Empire Courier Services Case Analysis

Empire Courier Services Case Analysis

The case analysis involves a scenario where Dave, Empire Courier Services employee, is involved in an accident that leads to injuries to another driver, Victor. This raised the question of who is liable for Dave’s disregard in causing the accident and causing injuries to the other driver. Also, after what may be considered as a provocation by Victor, the situation was further aggravated by Dave punching the victim, leading to more injuries. This raised queries on who is responsible for Dave’s deliberate tort for hitting Victor.  Around the firm, Dave is viewed as a firebrand. In his previous employment, Dave was involved in a fistfight at the workplace with a colleague, occasioning in a criminal lawsuit.

In the scenario, both Dave and the firm have an evident employer-employee relation as Dave has been employed by the company to accomplish various physical services. According to DeMott (2018), under the employer-employee relation, a member of staff is the focus on the employer’s control. In general, every employee is regarded as an employer’s agent and is considered an agent of the employer. DeMott  (2018)describes that an agent is a party authorized to perform for and on behalf of the entity, in this case, is Empire Courier Service. This kind of relationship is essential for matters concerning tort act, wage act, discrimination act, and copyright act. After an agency relationship has been recognized, it develops into fiduciary relation of conviction and assurance, consequently ensuing in the formation of specific responsibilities to be conducted by the agent and the principal. The responsibility of performance includes two characteristics. The first aspect entails an agent conducting the responsibilities, as stated in the agency accord. The second aspect states that an agent should execute the stipulated responsibilities with practical skill and care. With the provided data, it can be resolved that Dave failed to conduct a characteristic of his responsibilities appropriately. This gave rise to the likelihood of Empire Courier Service looking for solutions against Dave for breaching of fiduciary obligations. Furthermore, as the principal entity, the firm has the justification for pursuing tort resolutions against Dave for his neglect that has prospectively instigated destruction and allowing the firm to end the agency-relation.

According to Kubasek et al., (2016), within offensive acts perpetrated by agents that ensue in damages to a third party, the agent is individually accountable for their deeds despite the entity’s classification. Nonetheless, it should be assumed that the principle entity can be accountable for deeds executed by agents, and this liability can originate from sanctioned or unsanctioned actions. If the affiliation institutes that the principal is responsible and controls the agent’s acts, then the entity may be found accountable. Furthermore, under the law, an entity can be deemed responsible for the offensive conduct of an agent under two circumstances. The first circumstance is that the principle instructed the agent to perpetrate the offense. The second aspect states that if the principal fails to offer tools or presents insufficient directions to the agent regarding the need to engage capable personnel, the act then holds the principal accountable to a third party for neglect. The famous take-out from these stipulations is principals can be deemed accountable within offensive acts for neglect in engaging an agent. This denotes that principals should use the appropriate procedures in employing an agent.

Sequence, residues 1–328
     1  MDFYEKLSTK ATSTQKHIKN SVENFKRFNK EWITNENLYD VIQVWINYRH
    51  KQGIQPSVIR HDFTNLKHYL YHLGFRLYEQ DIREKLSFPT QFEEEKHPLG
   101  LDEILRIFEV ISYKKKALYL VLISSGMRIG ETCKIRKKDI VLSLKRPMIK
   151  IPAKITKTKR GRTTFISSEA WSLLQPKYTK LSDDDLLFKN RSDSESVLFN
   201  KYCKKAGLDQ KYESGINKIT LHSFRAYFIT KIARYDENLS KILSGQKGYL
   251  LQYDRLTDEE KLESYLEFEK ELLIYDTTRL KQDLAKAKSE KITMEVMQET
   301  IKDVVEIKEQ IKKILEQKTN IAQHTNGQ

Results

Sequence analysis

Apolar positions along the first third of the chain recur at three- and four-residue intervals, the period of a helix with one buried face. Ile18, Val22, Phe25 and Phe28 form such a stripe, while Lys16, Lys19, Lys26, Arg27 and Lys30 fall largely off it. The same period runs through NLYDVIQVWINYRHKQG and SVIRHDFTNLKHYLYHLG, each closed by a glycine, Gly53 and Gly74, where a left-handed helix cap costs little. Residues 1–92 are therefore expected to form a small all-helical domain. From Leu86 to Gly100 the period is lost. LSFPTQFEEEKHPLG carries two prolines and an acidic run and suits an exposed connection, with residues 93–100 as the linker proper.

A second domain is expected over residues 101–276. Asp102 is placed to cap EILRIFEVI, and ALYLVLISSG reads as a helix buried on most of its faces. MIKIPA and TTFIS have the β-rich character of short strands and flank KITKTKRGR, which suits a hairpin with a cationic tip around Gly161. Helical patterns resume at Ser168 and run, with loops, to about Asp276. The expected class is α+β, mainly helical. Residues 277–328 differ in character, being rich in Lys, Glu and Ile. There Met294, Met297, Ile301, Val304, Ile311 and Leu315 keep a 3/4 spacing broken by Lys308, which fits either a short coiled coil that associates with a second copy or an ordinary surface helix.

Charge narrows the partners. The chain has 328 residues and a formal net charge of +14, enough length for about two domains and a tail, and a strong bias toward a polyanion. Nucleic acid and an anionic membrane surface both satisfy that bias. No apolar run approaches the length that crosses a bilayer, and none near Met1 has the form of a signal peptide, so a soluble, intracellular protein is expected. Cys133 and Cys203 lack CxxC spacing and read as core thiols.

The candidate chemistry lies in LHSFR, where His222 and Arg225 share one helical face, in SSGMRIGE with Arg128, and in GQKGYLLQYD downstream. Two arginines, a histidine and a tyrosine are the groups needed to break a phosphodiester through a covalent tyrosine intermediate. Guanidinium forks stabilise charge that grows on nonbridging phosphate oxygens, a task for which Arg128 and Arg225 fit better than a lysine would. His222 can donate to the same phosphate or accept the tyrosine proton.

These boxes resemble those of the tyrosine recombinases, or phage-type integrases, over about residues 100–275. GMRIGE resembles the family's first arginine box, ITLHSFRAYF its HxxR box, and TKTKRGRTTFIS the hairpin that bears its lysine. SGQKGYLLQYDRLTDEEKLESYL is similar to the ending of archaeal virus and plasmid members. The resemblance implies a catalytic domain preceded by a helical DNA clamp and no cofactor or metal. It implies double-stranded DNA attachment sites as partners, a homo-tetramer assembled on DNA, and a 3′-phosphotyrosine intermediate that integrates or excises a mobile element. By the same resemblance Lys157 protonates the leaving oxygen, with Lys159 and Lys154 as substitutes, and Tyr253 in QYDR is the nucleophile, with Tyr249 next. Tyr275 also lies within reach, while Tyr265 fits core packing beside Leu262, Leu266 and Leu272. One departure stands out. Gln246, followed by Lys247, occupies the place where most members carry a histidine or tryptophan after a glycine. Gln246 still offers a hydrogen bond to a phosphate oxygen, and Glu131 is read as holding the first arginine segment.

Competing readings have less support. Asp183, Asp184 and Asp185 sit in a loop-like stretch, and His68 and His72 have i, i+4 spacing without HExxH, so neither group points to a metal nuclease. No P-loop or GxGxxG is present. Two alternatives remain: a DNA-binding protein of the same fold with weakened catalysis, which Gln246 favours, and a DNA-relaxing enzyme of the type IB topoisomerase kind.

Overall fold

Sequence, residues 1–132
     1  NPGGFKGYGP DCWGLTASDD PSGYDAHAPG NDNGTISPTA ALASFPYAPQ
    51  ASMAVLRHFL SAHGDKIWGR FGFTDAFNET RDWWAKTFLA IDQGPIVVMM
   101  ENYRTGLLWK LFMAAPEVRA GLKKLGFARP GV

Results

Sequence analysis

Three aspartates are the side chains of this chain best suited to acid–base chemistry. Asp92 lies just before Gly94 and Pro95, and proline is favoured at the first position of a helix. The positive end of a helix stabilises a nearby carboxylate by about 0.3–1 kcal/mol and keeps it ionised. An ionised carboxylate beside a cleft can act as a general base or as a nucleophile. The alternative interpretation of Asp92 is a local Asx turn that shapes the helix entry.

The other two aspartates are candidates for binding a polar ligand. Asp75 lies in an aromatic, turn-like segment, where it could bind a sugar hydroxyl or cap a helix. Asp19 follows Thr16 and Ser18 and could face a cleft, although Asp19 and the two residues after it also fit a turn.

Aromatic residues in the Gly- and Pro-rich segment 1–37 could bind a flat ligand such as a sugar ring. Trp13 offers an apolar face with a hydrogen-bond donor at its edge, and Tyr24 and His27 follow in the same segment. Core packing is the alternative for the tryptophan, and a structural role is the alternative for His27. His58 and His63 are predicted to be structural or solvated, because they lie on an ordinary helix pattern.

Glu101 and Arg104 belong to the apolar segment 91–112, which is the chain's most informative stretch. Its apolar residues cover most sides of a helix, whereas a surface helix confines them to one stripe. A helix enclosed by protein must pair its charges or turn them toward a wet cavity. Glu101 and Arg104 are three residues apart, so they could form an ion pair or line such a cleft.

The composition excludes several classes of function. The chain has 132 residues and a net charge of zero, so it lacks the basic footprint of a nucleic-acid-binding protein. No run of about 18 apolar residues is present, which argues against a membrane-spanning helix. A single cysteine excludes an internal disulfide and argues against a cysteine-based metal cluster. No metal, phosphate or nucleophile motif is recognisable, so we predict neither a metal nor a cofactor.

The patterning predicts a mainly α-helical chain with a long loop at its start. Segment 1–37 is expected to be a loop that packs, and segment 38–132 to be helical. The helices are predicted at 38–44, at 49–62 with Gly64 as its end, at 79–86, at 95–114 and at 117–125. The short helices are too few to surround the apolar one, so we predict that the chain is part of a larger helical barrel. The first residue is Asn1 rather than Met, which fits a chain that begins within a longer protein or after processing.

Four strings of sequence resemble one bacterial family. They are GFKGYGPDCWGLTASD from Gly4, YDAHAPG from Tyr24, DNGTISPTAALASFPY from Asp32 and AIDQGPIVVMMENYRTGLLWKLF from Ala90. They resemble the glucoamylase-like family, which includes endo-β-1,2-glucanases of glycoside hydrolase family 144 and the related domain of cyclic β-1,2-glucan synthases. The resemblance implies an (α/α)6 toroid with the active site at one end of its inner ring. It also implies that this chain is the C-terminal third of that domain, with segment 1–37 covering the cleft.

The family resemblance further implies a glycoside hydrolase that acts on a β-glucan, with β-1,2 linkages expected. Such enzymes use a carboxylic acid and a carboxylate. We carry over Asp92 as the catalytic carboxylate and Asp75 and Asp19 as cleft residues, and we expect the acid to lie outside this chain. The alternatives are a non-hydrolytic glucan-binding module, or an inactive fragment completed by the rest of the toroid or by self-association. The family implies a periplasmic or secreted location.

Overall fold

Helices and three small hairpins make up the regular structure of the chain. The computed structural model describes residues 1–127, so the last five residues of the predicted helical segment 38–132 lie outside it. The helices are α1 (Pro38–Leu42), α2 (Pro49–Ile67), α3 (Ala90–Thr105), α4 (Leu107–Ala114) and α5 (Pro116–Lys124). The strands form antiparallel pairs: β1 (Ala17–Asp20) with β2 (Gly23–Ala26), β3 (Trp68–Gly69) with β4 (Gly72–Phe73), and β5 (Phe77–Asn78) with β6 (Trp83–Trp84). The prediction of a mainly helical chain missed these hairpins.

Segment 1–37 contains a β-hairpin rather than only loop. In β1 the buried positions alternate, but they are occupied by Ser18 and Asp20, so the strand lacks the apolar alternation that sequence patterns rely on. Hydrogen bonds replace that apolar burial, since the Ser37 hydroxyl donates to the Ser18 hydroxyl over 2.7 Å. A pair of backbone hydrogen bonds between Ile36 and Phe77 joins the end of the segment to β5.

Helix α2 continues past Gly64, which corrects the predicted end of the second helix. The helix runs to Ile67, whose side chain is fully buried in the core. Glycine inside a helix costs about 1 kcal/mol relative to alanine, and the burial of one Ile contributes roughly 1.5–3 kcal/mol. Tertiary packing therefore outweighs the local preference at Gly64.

In regards to physical assault, both Dave and Empire Courier Service may be held for the accident and injuries occasioning from the physical assault on Victor. Despite the company being aware of Dave’s character, they still failed to execute a background assessment and was employed through disregard. As a result, both parties, Dave and the Courier company, can be held accountable for both offenses perpetrated by Dave. One stipulation that may vindicate the company from any liabilities within the offensive acts perpetrated by Dave will be if a court of law concludes that Dave averted from the entity’s core business. This means that the principle entity may not be found liable for the damages caused.


Kubasek, N., Browne, M. N., Herron, D. J., Dhooge, L. J., & Barkacs, L. (2016). Dynamic business law: The essentials (3rd ed.). New York, NY: McGraw-Hill Education.

DeMott, D. (2018). Fiduciary Principles in Agency Law. Forthcoming in Evan J. Criddle, Paul B. Miller, and Robert H. Sitkoff, Eds., The Oxford Handbook of Fiduciary Law (New York: Oxford University Press 2018).






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